Tuesday, October 8, 2013

Yard Sale Lesson

“You don't need a new backpack." Maharha reminded me, "Gaura Narayan is moving out next year. You're not going to be camping anymore.” 
I had picked up the backpack at a yard sale a few blocks from Nilamani's home in New Jersey. (We spent last weekend at a wedding in NYC)
“OK, I'll take it back.”
On the walk back I thought about what she'd said.
Years ago we had 2 boys at home and a shortage of backpacks. The request stayed in my head and when the opportunity arose I acted on it, even though there was no longer a need for a backpack.
“How many outdated, irrelevant desires am I still carrying?” I wondered.
The empty pack weighed nothing on my shoulders.
I remember carrying 40 or 50 pound packs on week long expeditions.
It was always a relief to take off such a heavy pack.
Walking would feel like floating.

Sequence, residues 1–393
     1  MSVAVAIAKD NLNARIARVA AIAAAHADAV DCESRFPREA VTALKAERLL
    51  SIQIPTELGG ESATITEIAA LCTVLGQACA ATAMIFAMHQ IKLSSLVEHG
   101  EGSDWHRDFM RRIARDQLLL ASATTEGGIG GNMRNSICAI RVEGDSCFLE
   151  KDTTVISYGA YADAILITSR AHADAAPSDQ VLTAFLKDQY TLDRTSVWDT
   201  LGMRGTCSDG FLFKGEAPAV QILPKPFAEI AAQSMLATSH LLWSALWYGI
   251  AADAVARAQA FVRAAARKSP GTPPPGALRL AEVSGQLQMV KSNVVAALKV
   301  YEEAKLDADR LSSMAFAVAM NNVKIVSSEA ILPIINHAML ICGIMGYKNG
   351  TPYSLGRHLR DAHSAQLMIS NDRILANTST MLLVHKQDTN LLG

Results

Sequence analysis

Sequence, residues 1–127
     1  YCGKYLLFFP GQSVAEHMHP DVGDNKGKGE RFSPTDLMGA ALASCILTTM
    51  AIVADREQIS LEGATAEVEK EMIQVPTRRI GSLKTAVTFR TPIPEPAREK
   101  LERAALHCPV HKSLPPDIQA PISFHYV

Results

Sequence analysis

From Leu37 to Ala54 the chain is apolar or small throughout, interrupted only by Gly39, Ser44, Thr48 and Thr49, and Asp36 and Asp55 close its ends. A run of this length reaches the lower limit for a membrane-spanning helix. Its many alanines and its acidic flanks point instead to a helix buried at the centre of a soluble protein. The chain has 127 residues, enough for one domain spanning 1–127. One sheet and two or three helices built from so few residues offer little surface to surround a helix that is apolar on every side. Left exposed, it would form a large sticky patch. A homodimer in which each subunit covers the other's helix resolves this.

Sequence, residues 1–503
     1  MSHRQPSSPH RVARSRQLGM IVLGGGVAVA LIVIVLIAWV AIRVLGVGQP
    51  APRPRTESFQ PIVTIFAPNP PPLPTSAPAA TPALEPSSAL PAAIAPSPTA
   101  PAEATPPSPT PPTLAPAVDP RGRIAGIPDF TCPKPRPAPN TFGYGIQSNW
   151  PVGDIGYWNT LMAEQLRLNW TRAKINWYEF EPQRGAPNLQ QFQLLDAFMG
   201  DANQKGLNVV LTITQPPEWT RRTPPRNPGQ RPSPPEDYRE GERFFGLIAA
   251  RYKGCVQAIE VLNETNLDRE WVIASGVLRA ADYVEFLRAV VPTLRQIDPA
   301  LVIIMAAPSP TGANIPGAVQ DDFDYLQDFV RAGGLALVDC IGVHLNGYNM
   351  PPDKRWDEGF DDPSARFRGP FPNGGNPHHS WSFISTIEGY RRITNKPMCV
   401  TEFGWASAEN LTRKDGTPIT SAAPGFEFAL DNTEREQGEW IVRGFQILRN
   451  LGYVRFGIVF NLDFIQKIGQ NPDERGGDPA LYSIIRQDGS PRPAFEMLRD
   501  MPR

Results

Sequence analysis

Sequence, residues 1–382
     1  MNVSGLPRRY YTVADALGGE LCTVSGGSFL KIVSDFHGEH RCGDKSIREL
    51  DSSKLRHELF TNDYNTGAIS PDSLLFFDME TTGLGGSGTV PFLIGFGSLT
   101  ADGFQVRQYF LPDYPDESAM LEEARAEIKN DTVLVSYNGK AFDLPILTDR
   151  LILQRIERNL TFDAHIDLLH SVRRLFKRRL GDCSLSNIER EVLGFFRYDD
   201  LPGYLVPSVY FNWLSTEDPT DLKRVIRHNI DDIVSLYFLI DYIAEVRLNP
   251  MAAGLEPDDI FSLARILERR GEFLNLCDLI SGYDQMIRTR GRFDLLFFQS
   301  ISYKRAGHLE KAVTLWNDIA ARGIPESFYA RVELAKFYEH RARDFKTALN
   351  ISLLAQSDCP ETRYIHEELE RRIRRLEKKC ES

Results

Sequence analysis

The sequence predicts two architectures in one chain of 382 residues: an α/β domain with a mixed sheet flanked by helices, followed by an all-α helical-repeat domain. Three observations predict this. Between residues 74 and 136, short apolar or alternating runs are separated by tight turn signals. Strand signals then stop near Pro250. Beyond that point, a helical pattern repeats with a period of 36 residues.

“Why burden myself any longer with unnecessary desires?”, I thought.
“This is the beginning of a new me. I release everything.”
Yeah right. If only it was that easy.
At home we have a cedar chest. Although we've washed it, aired it for weeks, it smells like mothballs. Anything we put in there smells like mothballs. Because of that, we don't keep anything in there.
Desires can be like that. No matter how hard we try to shake them, the smell remains and pollutes everything we do.
What to do with desires that serve no useful purpose?
Religions, philosophies, psychologists, counselors, deep thinkers, parents, teachers and law enforcement agencies deal with this single question.
What to do with desires that serve no useful purpose?
The answer is simple, but the application is individual and unique in all cases. Like stopping a train, momentum pushes us forward long after we apply the brakes. We may do everything correctly, but it takes time to see results. Don't give up. 
Bad habits (desires) are broken by forming good habits. 

No comments:

Post a Comment